3.3 About External Load Balancer Configuration

When using any filtering by IP address, such as Dgraph’s whitelist or using a network policy, the client source IP address needs to be preserved. This can be done by setting externalTrafficPolicy is set to Local.

If you would like to get further information regarding what was provisioned on AWS, you can run this command:

export DG_LB=$(kubectl get service dg-dgraph-alpha \
--namespace dgraph \
--output jsonpath='{.status.loadBalancer.ingress[0].ip}'
)


gcloud compute forwarding-rules list \
--filter $DG_LB \
--format "table[box](name,IPAddress,target.segment(-2):label=TARGET_TYPE)"

3.4 Connecting to Dgraph

You can run the following to test connectivity to Dgraph.

export DG_LB=$(kubectl get service dg-dgraph-alpha \
--namespace dgraph \
--output jsonpath='{.status.loadBalancer.ingress[0].ip}'
)

curl --silent $DG_LB:8080/state | jq -r '.groups."1".members'

Will will use this environment variable DG_LB in following steps of this tutorial.

3.5 Testing Dgraph

We can test Dgraph by loading up some data and schema, and then run some queries using curl. Make sure to have the DG_LB environment variable set.

First let’s upload some data.

curl "$DG_LB:8080/mutate?commitNow=true" --silent --request POST \
--header "Content-Type: application/json" \
--data $'
{
"set": [
{"uid": "_:luke","name": "Luke Skywalker", "dgraph.type": "Person"},
{"uid": "_:leia","name": "Princess Leia", "dgraph.type": "Person"},
{"uid": "_:han","name": "Han Solo", "dgraph.type": "Person"},
{"uid": "_:lucas","name": "George Lucas", "dgraph.type": "Person"},
{"uid": "_:irvin","name": "Irvin Kernshner", "dgraph.type": "Person"},
{"uid": "_:richard","name": "Richard Marquand", "dgraph.type": "Person"},
{
"uid": "_:sw1",
"name": "Star Wars: Episode IV - A New Hope",
"release_date": "1977-05-25",
"revenue": 775000000,
"running_time": 121,
"starring": [{"uid": "_:luke"},{"uid": "_:leia"},{"uid": "_:han"}],
"director": [{"uid": "_:lucas"}],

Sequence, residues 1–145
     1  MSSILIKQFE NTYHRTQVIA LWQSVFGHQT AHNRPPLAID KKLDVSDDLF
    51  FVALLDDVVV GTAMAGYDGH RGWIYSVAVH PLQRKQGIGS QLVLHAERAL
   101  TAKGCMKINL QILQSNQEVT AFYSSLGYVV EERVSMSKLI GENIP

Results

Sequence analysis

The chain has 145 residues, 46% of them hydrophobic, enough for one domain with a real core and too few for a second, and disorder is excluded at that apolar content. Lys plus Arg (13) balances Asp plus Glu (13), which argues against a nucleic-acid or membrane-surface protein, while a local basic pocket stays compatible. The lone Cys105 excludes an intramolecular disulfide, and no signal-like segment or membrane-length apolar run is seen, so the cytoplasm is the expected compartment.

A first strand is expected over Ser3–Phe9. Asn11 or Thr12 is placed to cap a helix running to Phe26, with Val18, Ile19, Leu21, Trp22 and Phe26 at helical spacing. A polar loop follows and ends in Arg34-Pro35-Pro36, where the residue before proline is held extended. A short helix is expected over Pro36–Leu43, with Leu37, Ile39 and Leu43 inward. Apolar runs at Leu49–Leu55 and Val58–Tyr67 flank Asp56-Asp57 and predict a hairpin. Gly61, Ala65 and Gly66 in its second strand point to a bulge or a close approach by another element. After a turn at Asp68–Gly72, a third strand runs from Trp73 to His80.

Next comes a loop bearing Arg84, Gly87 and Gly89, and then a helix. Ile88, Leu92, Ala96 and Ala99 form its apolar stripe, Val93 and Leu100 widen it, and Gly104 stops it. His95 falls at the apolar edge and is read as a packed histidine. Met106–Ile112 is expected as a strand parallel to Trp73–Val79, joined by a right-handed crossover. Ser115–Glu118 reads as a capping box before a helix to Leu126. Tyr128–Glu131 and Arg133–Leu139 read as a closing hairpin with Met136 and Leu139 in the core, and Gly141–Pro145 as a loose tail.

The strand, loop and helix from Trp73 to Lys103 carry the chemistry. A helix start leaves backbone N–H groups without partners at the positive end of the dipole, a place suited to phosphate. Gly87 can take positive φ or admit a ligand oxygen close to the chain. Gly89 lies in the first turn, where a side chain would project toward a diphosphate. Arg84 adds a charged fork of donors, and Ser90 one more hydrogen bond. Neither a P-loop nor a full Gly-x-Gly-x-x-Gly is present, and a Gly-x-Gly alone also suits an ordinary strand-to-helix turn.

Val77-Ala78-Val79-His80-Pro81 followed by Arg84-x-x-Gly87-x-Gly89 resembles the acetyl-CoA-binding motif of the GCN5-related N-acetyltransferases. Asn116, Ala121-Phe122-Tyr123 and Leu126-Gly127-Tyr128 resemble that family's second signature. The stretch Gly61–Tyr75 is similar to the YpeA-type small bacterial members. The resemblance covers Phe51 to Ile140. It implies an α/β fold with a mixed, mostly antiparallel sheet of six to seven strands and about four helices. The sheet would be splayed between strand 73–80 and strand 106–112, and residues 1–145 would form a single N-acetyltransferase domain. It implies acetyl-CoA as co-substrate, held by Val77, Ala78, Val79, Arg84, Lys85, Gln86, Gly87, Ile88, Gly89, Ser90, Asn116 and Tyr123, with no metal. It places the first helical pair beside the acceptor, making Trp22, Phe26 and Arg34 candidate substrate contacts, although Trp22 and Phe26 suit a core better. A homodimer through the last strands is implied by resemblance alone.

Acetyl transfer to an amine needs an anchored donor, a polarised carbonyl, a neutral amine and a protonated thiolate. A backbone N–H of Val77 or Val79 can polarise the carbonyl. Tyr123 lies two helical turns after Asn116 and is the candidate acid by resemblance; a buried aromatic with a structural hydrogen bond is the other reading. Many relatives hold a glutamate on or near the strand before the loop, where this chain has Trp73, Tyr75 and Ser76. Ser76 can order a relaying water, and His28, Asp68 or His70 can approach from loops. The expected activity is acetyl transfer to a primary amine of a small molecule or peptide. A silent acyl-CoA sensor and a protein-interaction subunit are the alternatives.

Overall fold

"dgraph.type": "Film"
},
{
"uid": "_:sw2",
"name": "Star Wars: Episode V - The Empire Strikes Back",
"release_date": "1980-05-21",
"revenue": 534000000,
"running_time": 124,
"starring": [{"uid": "_:luke"},{"uid": "_:leia"},{"uid": "_:han"}],
"director": [{"uid": "_:irvin"}],
"dgraph.type": "Film"
},
{
"uid": "_:sw3",
"name": "Star Wars: Episode VI - Return of the Jedi",
"release_date": "1983-05-25",
"revenue": 572000000,
"running_time": 131,
"starring": [{"uid": "_:luke"},{"uid": "_:leia"},{"uid": "_:han"}],
"director": [{"uid": "_:richard"}],
"dgraph.type": "Film"
},
{
"uid": "_:st1",
"name": "Star Trek: The Motion Picture",
"release_date": "1979-12-07",
"revenue": 139000000,
"running_time": 132,
"dgraph.type": "Film"
}
]
}
' | jq

Now, let’s upload the schema that will add an index.

curl "$DG_LB:8080/alter" --silent --request POST \
--data $'
name: string @index(term) .
release_date: datetime @index(year) .
revenue: float .
running_time: int .
starring: [uid] .
director: [uid] .

type Person {
name
}

type Film {
name
release_date
revenue
running_time
starring
director
}
' | jq

NOTE: This alter command will fail if a whitelist is not setup.

You can list out all of the movies that have a starring edge.

curl "$DG_LB:8080/query" --silent --request POST \
--header "Content-Type: application/dql" \
--data $'{ me(func: has(starring)) { name } }' \
| jq .data

You can run this query Star Wars movies released after 1980.

curl "$DG_LB:8080/query" --silent --request POST \
--header "Content-Type: application/dql" \
--data $'
{
me(func: allofterms(name, "Star Wars"), orderasc: release_date)
@filter(ge(release_date, "1980")) {
name
release_date
revenue
running_time
director { name }
starring (orderasc: name) { name }
}
}
' | jq .data

4. Ratel visualization application

Ratel is a graphical query and administration application for Dgraph. This application, unlike a double-clickable application on the desktop, runs only within a web browser like Safari, Firefox, or Chrome.

4.1 Installing Ratel

You can install a small web service that hosts Ratel, so that you can run this in your browser. Run the following to install the web service hosting Ratel:

# get dgraph helm chart
helm repo add dgraph https://charts.dgraph.io && helm repo update

# deploy Ratel
helm install ratel \
--namespace ratel \
--create-namespace dgraph/ratel \
--values - <<EOF
service:
type: NodePort
ingress:
enabled: true
className: gce
annotations:
kubernetes.io/ingress.class: gce
hosts:
- paths:
- path: /*
pathType: ImplementationSpecific
EOF

📓 NOTE: The service must be of NodePort or LoadBalancer type, as ingress-gce does not support ClusterIP. Also, the annotation kubernetes.io/ingress.class: gce is required if ingress-gce is not the default as the className will be ignored.

You can verify the installed components with the following command:

kubectl get all,ing --namespace ratel

4.2 Accessing Ratel